Russian spy case 'right out of a John le Carré novel'
The FBI arrested 11 people last week in a Russian spy case, according to court documents unsealed Monday. The alleged spies were on 'long-term deep-cover assignments,' the documents say.
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The Justice Department is opposed to any bail for the individuals, the Justice Department's Mr. Boyd says.
The court papers say the accused individuals were on “long-term deep-cover assignments.”
It’s fairly clear the FBI was on to this group for some time. The FBI monitored conversations within their homes, listened to their short-wave radio broadcasts, and watched group members make secret exchanges with members of the Russian delegation.
It does not appear any of the accused individuals ever got a job in the US government that would give them access to top secret information. The court papers say they were concerned that their fake identities would be discovered in a background check. So, instead, they tried to insinuate themselves into the company of high level policymakers.
The life of an alleged spy
One of the papers details how one of the defendants, “Cynthia Murphy,” had several work-related personal meetings with a prominent New York financier who was active in fundraising and was a personal friend of an unnamed cabinet official.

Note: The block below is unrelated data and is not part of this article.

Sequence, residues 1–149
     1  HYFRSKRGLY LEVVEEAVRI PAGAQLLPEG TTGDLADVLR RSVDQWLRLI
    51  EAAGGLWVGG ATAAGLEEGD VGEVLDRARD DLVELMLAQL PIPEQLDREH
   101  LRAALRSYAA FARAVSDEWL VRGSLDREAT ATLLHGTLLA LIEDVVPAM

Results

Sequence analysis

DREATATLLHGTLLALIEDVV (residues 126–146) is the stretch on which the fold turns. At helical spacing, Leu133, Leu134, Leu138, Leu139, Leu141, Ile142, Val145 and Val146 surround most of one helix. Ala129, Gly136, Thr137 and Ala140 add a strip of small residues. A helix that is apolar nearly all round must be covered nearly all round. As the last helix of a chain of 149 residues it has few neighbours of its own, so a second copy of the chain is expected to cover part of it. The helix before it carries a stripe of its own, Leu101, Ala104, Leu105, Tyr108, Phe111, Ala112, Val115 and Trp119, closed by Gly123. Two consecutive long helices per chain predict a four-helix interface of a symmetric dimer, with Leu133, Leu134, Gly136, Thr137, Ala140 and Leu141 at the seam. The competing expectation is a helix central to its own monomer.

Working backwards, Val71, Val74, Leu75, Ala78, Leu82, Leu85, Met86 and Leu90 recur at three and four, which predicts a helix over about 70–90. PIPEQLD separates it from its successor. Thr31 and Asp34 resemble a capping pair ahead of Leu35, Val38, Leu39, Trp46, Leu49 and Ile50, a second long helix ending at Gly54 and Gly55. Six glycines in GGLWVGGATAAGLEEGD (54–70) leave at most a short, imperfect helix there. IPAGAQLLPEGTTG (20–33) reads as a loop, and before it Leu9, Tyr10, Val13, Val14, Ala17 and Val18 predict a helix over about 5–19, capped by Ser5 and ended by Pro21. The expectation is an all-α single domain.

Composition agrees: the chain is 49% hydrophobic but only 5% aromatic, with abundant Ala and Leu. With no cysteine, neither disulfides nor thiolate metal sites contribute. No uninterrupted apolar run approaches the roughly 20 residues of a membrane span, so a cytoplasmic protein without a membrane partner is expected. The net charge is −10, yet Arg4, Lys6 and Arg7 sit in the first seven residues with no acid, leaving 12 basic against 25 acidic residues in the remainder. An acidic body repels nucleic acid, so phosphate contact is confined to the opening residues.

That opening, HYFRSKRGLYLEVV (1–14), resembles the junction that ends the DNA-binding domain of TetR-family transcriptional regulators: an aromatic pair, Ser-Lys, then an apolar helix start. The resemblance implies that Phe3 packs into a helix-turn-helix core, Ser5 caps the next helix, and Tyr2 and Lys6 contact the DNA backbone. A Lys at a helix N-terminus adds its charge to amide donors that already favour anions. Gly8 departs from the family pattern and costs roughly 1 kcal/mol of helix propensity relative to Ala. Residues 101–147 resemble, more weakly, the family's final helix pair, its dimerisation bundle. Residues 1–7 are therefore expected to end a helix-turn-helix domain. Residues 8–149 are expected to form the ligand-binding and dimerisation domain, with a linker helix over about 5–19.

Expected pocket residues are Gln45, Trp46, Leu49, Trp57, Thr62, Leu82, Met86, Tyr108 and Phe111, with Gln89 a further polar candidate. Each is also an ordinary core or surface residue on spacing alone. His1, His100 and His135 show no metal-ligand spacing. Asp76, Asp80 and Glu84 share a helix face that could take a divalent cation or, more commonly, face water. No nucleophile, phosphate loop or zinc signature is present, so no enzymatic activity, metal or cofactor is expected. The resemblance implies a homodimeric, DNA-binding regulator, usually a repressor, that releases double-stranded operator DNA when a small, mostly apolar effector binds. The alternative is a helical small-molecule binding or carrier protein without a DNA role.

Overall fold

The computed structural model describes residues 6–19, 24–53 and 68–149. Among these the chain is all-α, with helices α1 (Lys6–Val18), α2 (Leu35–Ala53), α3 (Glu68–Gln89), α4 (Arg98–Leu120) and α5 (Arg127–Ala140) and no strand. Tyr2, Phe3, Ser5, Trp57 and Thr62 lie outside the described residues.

Moscow Center checked out the financier and called him “a very interesting target.” The spies handlers in Moscow advised "Ms. Murphy" to “try to build up a little by little relations with him moving beyond just (work) framework. Maybe he can provide (Murphy) with remarks re US foreign policy, roumors (stet) about White House internal kitchen, invite her to venues (to major political party HQ in NYC, for instance,…etc. In short consider carefully all options in regard to (financier).”
The documents also show the stresses and strains on the individuals. In one exchange, the “Murphys” tell Moscow they would like to purchase the house where they are living in Montclair, N.J. However, the Russians want it to be owned by Moscow Center. The Murphys remind them owning a house is considered a symbol of status in the US, but they accede to Moscow’s wishes.
In another exchange, one of the alleged spies, “Juan Lazaro,” is complaining to his female companion, “Vicky Pelaez,” that Moscow does not like his information because it does not have any sources named in it. Ms. Pelaez then yells at him, “Put down any politician from here!” And, Mr. Lazaro apparently agrees, adding, “I’m going to give them what they want. But, I’m going to continue what I’m telling them.”
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